Anyone interested in this topic or this material should read the stimulating exchanges in the mobblog on legal education that Deven Desai organized here in 2008.
“Law Students Leave Torts Behind (for a Bit) and Tackle Accounting” in the New York Times (@nytimes) is a jumbled but useful starting off point for this note about new and different modes of legal education.
The story, which describes a handful of new efforts to teach elementary accounting skills to law students, misses an opportunity to point out that (i) many law schools used to teaching Accounting, or Accounting for Lawyers, as a regular and even important part of their curriculum, but gave that up over the last 25 years or so as faculty recruitment and retention shifted to other things; that (ii) some law schools still teach the subject, and not in the “mini-course” or “short boot camp” format that the NYT describes.
The story then jumbles together newer programs like Brooklyn’s, that offer micro introductions to financial concepts, newer programs like CU-Boulder’s, that offer financial literacy training for law students as part of a longer and more deeply structured introduction to business practices for new lawyers, and programs that offer law students training in how businesses work (and how other organizations work) by embedding the students with the organization, via externships or otherwise. These approaches can be mixed and matched, but they represent three separate strategies, with different costs and benefits.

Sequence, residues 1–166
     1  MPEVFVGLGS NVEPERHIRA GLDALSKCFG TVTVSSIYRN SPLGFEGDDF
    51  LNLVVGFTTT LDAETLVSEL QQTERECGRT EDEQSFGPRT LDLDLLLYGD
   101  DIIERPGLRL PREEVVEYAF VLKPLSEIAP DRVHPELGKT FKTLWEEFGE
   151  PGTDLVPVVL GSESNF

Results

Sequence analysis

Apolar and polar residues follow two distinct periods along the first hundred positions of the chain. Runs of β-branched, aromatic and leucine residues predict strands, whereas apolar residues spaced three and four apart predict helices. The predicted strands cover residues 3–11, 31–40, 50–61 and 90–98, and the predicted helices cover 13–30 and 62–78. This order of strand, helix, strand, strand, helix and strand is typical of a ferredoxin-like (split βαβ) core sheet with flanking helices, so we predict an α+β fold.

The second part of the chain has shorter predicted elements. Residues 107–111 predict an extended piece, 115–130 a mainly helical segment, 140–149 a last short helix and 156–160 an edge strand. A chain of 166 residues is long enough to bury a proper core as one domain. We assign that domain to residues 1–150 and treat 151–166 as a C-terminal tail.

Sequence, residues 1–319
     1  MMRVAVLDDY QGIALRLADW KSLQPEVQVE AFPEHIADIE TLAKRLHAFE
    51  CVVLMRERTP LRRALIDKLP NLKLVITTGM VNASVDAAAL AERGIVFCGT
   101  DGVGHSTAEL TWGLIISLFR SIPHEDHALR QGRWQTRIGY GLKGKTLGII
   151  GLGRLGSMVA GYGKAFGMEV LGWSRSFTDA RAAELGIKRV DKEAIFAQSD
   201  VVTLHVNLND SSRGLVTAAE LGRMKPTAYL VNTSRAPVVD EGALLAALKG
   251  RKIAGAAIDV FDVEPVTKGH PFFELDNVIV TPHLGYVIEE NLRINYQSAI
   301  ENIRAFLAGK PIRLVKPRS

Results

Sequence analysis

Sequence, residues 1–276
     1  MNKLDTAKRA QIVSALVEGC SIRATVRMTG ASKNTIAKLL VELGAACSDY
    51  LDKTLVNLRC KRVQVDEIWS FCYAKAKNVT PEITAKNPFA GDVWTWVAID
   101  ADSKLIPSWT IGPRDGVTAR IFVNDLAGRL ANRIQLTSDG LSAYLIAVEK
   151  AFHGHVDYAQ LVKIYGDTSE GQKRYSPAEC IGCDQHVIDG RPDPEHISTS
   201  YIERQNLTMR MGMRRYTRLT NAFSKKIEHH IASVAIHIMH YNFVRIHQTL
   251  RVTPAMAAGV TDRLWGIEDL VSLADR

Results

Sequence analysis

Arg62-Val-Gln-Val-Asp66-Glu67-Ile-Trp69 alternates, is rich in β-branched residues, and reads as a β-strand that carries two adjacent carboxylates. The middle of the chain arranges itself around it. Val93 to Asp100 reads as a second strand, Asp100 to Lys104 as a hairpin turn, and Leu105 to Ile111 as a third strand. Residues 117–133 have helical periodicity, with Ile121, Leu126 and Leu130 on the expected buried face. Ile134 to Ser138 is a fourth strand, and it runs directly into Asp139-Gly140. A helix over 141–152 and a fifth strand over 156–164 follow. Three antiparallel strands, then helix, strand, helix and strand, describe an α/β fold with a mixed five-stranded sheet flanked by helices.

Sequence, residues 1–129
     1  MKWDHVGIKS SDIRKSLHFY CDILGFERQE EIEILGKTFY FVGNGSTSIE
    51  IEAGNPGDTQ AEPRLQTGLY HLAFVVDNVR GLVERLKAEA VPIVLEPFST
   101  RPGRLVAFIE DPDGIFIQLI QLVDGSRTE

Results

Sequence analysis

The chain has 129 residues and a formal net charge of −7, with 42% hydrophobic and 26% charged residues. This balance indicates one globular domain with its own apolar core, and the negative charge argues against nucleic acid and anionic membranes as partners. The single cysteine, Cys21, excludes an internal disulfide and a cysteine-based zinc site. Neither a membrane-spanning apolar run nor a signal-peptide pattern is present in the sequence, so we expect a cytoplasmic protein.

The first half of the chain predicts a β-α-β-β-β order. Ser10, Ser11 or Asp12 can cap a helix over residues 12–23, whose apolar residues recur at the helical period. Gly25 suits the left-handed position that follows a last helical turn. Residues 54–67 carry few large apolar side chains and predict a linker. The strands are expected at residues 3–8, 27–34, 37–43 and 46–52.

It’s also possible to argue that law schools shouldn’t be in this business at all, because “the real world” offers better and perhaps less pricey formats for this sort of training. Some large law firms offer it these days, though not all do.
My practical contribution (shameless promotion ahead) is the Innovation Practice Institute at the University of Pittsburgh, which weaves business literacy threads together in its own unusual way. I explained the program yesterday to a colleague at a different law school: